Just a year ago, Councilman David Alvarez was a relative unknown.
The soft-spoken San Diego native regularly showed up at events and press conferences without staffers, and usually left without facing a single reporter.
As a councilman, he struggled to push forward even a modest ordinance to create a foreclosure registry amid a tense relationship with former Mayor Jerry Sanders. (It ultimately prevailed.)
But the mayoral race, where he was buoyed by his own compelling personal narrative and millions of dollars from labor groups, has catapulted him to a contender getting attention from the New York Times and President Barack Obama.
Neither was enough to propel him into the mayor’s office. Republican challenger Kevin Faulconer decisively defeated Alvarez Tuesday.
But the groundswell that emerged to support his candidacy – high-profile national Democrats parachuted in for campaign appearances, and more than 600 volunteers gathered the Saturday before the election walking door to door to rally voters on his behalf – marks a sudden transformation in Alvarez’s nascent political career.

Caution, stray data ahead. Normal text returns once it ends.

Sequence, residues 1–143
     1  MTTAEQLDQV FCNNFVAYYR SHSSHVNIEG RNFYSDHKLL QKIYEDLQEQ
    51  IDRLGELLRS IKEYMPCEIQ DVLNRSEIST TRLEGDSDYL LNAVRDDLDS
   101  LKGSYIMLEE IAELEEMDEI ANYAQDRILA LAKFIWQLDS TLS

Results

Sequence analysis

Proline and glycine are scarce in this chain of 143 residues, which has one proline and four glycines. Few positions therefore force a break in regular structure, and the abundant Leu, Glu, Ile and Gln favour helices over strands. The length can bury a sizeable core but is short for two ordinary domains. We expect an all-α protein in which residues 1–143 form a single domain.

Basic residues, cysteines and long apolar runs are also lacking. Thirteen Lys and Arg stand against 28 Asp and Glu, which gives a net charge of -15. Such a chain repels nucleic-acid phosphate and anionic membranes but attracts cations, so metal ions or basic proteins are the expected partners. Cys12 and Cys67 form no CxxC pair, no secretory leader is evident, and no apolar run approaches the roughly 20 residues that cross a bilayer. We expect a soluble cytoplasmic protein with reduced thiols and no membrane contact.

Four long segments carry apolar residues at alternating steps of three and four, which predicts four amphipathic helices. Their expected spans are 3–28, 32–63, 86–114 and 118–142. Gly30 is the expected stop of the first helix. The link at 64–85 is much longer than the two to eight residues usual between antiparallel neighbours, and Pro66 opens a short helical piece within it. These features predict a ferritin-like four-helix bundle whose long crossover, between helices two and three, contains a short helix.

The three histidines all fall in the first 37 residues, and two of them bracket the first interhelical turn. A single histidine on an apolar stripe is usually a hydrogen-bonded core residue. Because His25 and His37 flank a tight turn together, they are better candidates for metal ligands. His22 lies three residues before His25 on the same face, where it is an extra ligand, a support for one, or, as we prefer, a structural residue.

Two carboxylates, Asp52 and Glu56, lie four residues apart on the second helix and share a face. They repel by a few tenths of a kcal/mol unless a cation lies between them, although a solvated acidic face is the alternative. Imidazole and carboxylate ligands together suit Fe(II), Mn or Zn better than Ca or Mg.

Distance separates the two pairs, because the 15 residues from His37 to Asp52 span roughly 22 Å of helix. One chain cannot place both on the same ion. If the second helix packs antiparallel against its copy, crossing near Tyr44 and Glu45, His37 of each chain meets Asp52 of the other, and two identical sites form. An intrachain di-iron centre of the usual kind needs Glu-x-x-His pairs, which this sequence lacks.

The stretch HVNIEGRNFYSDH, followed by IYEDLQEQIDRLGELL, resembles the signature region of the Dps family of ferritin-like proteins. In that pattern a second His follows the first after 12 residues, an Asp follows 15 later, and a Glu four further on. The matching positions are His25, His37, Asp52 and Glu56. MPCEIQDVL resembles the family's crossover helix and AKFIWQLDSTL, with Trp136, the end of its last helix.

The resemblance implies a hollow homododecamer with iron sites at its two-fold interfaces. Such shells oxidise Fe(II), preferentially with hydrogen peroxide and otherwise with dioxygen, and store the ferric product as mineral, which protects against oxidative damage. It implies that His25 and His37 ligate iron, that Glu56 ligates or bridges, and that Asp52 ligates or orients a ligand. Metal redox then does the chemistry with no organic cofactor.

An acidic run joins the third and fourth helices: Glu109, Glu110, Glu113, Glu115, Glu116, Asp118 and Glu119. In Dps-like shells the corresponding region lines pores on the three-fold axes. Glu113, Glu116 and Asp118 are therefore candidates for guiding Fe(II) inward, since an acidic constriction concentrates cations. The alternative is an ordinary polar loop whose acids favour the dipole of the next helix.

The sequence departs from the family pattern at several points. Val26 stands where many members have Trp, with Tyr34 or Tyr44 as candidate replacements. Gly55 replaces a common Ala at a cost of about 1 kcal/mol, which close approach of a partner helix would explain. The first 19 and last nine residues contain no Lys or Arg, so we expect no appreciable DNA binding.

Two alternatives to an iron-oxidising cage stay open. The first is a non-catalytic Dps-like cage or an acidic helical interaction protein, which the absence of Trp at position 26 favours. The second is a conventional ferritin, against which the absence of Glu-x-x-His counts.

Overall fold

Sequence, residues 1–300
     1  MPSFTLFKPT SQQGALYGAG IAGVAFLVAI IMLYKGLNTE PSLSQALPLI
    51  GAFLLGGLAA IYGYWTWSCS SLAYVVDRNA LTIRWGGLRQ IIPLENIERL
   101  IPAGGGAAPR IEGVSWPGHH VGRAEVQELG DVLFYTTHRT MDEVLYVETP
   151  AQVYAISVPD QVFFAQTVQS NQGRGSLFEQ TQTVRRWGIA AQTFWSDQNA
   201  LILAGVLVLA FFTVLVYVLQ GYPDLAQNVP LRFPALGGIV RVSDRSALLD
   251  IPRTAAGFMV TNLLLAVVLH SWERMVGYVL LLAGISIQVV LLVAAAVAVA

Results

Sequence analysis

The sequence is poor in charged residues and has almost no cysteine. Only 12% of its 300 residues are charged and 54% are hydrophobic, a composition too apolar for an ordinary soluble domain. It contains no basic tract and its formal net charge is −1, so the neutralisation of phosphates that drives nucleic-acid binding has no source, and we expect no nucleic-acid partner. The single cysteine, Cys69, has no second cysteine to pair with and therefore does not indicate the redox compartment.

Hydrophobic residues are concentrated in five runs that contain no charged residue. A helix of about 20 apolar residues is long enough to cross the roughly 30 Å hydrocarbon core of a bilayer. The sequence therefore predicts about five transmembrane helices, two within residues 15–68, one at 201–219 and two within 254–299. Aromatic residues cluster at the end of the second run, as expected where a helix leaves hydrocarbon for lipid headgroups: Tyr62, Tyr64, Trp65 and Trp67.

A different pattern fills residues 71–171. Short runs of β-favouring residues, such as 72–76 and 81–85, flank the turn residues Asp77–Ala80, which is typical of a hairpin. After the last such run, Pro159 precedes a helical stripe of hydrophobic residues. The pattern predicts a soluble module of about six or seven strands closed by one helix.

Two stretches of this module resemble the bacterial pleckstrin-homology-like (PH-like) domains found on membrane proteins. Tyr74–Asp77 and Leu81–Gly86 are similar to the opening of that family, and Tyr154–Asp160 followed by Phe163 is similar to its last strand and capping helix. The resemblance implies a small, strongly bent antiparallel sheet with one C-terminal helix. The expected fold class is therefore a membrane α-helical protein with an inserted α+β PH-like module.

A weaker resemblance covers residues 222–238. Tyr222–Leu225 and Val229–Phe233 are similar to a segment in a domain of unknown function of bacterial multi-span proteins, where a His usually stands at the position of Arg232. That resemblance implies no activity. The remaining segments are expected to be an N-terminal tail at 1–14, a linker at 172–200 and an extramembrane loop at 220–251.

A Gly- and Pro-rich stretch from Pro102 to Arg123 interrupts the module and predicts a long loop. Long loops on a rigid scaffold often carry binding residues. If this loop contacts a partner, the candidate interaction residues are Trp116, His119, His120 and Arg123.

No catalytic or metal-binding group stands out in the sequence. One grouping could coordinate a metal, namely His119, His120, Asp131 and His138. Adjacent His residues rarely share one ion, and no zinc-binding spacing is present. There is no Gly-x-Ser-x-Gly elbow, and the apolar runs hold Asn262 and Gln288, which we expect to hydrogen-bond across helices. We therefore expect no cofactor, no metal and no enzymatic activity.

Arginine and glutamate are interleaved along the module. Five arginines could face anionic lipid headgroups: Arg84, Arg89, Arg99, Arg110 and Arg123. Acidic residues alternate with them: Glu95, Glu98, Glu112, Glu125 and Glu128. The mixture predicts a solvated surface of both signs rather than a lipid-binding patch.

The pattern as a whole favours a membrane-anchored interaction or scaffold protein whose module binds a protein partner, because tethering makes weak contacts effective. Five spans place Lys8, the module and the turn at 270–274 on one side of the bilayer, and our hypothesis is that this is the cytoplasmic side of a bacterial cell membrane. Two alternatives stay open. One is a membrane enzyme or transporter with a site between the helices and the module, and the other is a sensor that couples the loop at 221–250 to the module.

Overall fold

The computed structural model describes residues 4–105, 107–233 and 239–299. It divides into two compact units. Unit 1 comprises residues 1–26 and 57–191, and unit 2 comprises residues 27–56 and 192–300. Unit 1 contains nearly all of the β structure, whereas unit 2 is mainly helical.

It’s a reality even Alvarez himself likely couldn’t have imagined just months ago.
President Barack Obama weighed in on the San Diego mayor's race Saturday, endorsing fellow Democrat David Alvarez. "As a native San Diegan, David Alvarez has been a fierce advocate for his city, and on the Council, has led efforts to build a strong middle class, put neighborhoods first and expand opportunities for kids in and out of school," Obama said in a statement.Read More
Alvarez has been going pretty much non-stop since he entered the race for mayor. His challenge is a big one: Before he can even think about winning, he has to get San Diegans outside of his district just to know who he is. David Alvarez grew up in Barrio Logan. Alvarez is the son of a janitor and a fast-food worker, both immigrants from the Jalisco region of Mexico. He was the youngest of six kids, five brothers and one sister. He was the first in his family to graduate from high school.Read More
City Councilman David Alvarez, a mayoral candidate, said he believes the department has racially profiled recently, too. He cited the lawsuit over the 2010 City Heights traffic stop during a debate in the fall. Alvarez wants to see the department take profiling issues more seriously.Read More